As we get nearer to free agency, and things in the NFL landscape become clearer, I like to take a look at what the Green Bay Packers might do this offseason. I’m going to be running several simulations of renegotiations, cuts, re-signing, free agency, and the draft.
Check out my first attempt here: https://packerstalk.com/2018/02/13/2018-packers-offseason-simulation/
Plus v. 3.0:
And away we go:
Estimated salary cap – $178,000,000
Player Salaries – $152,486,983
Dead Money – $4,718,533
Estimated Carryover – $6,400,000
Draft Pick Reserve – $5,000,000
Remaining Cap Space – $22,194,484
Randall Cobb – I believe a fair offer is 4 years/$6 million per. That drops his cap number to around $4.2 million for 2018 which is a decent savings and keeps him in Green Bay through his prime.
Jordy Nelson – I’d give Nelson 4 years/$8 million per. That would drop his cap number to around $6.0 million for 2018. That’s a fair market offering, and may allow Jordy to retire as a Packer.
Aaron Rodgers – Rodgers will never earn his true value to the Green Bay Packers in his salary, but I think it would be fair for them to give him the richest deal in NFL history. 5 years/$150 million with half of that guaranteed would surpass Jimmy Garoppolo’s deal by a significant margin (and likely Kirk Cousins new deal) and still leave the Packers with an average cap charge of $30 million/year. They could structure that however they wanted. Rodgers may keep that number low for the first few years, so Green Bay can spend it on some free agents. They can always renegotiate to increase flexibility later. For this simulation, we’ll make it a cap hit of $30,000,000 for 2018.
Remaining Cap Space – $22,955,984
TE Lance Kendricks – Cap Savings: $1,625,000. This would mean the Packers would have no returning Tight Ends, but it looked like a position that needed a drastic overhaul.
I don’t see how the Packers could cut Bulaga and replace him for the $5,150,000 in savings. Even though I think Clay Matthews has been declining, he still makes some impact plays and I think Mike Pettine will want to keep him around for this year.
There’s also some temptation to cut HaHa Clinton-Dix. He would save Green Bay $5,957,000. If you are judging him just on his abysmal 2017 campaign, it would be a no-brainer to cut him. However, I think Pettine has an ability to get the most out of his players, and there is enough hope that he returns to form to keep him on the team.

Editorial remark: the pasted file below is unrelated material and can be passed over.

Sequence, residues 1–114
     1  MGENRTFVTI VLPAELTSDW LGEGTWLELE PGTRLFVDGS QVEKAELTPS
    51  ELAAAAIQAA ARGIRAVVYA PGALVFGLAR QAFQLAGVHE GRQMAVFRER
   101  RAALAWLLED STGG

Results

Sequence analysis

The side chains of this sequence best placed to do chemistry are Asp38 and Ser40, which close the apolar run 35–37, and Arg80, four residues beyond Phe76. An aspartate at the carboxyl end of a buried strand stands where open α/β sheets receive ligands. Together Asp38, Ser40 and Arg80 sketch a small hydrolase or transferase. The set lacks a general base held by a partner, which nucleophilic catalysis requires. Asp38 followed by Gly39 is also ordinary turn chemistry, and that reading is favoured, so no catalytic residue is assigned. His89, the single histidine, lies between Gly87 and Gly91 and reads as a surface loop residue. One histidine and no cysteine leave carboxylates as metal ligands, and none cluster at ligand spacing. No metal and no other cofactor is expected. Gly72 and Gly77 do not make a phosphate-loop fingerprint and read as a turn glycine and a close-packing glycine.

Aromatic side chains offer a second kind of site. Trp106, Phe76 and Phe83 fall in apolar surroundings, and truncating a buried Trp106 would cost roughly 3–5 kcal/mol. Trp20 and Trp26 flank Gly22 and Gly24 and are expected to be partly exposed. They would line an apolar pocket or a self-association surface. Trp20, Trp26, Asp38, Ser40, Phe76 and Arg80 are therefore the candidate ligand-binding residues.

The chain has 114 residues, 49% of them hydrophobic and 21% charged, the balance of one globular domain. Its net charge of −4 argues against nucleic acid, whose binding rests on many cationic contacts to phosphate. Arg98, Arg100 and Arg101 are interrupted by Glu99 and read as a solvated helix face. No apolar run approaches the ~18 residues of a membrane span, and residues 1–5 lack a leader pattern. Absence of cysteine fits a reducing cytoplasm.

Remaining Cap Space – $24,580,984
S Morgan Burnett – 3 years, $8 million/year. I think Burnett is going to be one of the key pieces to Pettine’s defense. I’ve heard higher numbers floated, but this is what I put Burnett’s value at. I could see him testing the market, and then resigning with Green Bay.
Remaining Cap Space – $18,980,984
CB Kyle Fuller – 4 years, $7 million/year. Fuller hasn’t developed into the elite CB he seemed on target for after his rookie year. However, he’s still good, young, and may perform better in a winning environment. Plus they can take him away from their arch rivals.
DE Muhammad Wilkerson – 4 years, $7 million/year. Wilkerson will hope to regain his dominance after rejoining his first NFL D-Coordinator, Mike Pettine. A front of Daniels, Clark, and Wilkerson could be the best in the league. The first step to fixing the defense is finding a pass rush, and Wilkerson will go a long ways toward that goal.
QB TJ Yates – 2 years, $1.3 million/year. Yates brings starting experience and the type of athleticism to mirror Rodgers in practice. If nothing else, Yates will push Hundley in the offseason, but he’d likely be his replacement.
TE Crockett Gilmore – 3 years, $2 million/year. Gilmore will bring a veteran pass catcher to a now empty Tight End position. He is a red zone threat and a solid blocker. He will be a good stopgap, until Green Bay can develop a rookie.
Remaining Cap Space – $6,640,984
TRADE – The Packers trade 1-14 and 2-13 to the Buffalo Bills for 1-21 and 1-22. The Packers would be able to draft 2 difference makers and the Bills could move up far enough to draft their QB or a WR. According to http://walterfootball.com/draftchart.php the values for the picks are nearly identical.
1st – 21 ILB Tremaine Edmunds, Virginia Tech. A lot of great defensive players are getting pushed down the draft boards because of the love affair with this year’s QB class. That’s one reason I’m a proponent of acquiring more picks. Edmunds is long, crazy athletic, and has the ability to cover TEs and RBs. He can be a good late blitzer, and his length is going to give QBs fits in zone coverage. With some added strength and improved instincts he could become a Brian Urlacher type player.